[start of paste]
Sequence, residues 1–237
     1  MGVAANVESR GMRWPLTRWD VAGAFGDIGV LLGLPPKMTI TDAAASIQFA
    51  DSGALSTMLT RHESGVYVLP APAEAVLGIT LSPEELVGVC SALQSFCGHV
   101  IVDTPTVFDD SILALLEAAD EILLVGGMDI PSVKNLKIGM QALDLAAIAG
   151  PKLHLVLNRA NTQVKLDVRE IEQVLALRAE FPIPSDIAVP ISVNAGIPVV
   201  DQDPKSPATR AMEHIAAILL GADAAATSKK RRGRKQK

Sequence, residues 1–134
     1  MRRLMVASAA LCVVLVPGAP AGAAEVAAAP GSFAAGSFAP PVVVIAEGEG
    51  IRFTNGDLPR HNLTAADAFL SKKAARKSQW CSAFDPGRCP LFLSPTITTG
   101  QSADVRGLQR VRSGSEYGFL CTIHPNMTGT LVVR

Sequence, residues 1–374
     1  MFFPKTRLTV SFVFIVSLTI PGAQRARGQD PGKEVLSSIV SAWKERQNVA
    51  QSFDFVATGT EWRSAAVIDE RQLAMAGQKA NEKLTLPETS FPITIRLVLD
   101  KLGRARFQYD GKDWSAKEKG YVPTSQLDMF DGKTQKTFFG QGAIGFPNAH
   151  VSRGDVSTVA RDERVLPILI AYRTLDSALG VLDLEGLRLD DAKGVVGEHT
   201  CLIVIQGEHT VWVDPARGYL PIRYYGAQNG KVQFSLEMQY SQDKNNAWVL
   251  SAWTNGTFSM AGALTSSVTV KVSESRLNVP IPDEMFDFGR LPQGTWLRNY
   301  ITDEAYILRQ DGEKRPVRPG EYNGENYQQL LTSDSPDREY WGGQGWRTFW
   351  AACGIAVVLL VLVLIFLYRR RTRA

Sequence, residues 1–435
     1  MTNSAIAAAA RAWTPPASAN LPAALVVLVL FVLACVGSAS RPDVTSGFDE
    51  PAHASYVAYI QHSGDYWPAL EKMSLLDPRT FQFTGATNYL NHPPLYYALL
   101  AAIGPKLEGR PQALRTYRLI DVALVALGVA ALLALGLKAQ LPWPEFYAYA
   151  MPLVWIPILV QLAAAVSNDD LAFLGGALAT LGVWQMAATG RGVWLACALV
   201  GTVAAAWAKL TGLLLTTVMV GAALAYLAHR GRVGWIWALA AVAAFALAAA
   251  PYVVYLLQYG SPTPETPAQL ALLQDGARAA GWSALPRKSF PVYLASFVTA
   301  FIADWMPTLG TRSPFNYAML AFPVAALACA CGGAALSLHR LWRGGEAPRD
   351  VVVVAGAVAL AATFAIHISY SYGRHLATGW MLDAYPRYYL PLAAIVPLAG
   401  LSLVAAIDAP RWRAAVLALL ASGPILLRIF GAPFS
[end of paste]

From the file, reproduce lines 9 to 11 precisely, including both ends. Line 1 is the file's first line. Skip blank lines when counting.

    51  IRFTNGDLPR HNLTAADAFL SKKAARKSQW CSAFDPGRCP LFLSPTITTG
   101  QSADVRGLQR VRSGSEYGFL CTIHPNMTGT LVVR

Sequence, residues 1–374